Luke Hersheson for Michael Van der Ham at Tate Modern’s Turbine Hall. Straight up, Tate Modern’s Turbine Hall was the best location yet, hosting Michael Van der Ham’s A/W ’14 collection. His quirky trademarks were emblazoned upon the entire show that possessed a clash of bold prints and feminine lace overlays. Under incandescent lights, brushed silk skirts, tapered trousers and origami separates were illuminated on the runway, whilst the bright 60’s palette of conflicting colour set the tone for the entire season. Van der Ham crossbred ideas to create deconstructed shapes with mixed fabrics and off-kilter hemlines. His collection soon surpassed the sixties and fell into nineties grunge where super straight hair took reign.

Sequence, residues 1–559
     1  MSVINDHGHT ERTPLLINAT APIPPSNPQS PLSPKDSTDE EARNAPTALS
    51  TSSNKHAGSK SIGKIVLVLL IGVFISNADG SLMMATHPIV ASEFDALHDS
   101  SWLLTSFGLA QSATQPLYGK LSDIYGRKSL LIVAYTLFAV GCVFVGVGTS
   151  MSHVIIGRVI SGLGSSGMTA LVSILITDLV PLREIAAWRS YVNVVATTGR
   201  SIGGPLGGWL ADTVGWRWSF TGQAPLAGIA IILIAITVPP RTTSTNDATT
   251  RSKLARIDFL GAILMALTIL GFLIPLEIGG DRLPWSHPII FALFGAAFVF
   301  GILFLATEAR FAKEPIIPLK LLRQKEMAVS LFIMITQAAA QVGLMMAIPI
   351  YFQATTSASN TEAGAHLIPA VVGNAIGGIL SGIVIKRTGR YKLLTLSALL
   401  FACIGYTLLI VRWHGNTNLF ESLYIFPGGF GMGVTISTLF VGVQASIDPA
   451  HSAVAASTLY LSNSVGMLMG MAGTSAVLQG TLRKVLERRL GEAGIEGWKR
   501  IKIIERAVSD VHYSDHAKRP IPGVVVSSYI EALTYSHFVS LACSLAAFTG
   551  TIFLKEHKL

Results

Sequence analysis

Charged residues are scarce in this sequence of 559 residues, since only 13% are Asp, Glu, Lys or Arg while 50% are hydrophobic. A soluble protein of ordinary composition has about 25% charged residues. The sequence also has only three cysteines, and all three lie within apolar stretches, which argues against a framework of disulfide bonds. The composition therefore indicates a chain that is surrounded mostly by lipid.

Luke Hersheson adopted severe side-partings to fabricate the boyish, lived-in style that roamed the runway. He took the previously seen skater chic aesthetic and paired it with a fun and feminine attitude to keep the style fresh and modern. The “new straight” is certainly not sleek - a far cry from the firm control of the nineties, so leave your hair unfinished because the dirtier the better!
Luke used L’oreal Techni Art Air Fix to create a build up of product whilst texturizing hair in layers. Lengths were then baked under a hot dryer and simultaneously coated in hair spray to produce that rough, lived-in texture. Luke distinguished the difference between coolly unclean and greasy hair by finding the perfect middle ground. Hair looked effortless and unworked but obviously straight without offering praise to the irons.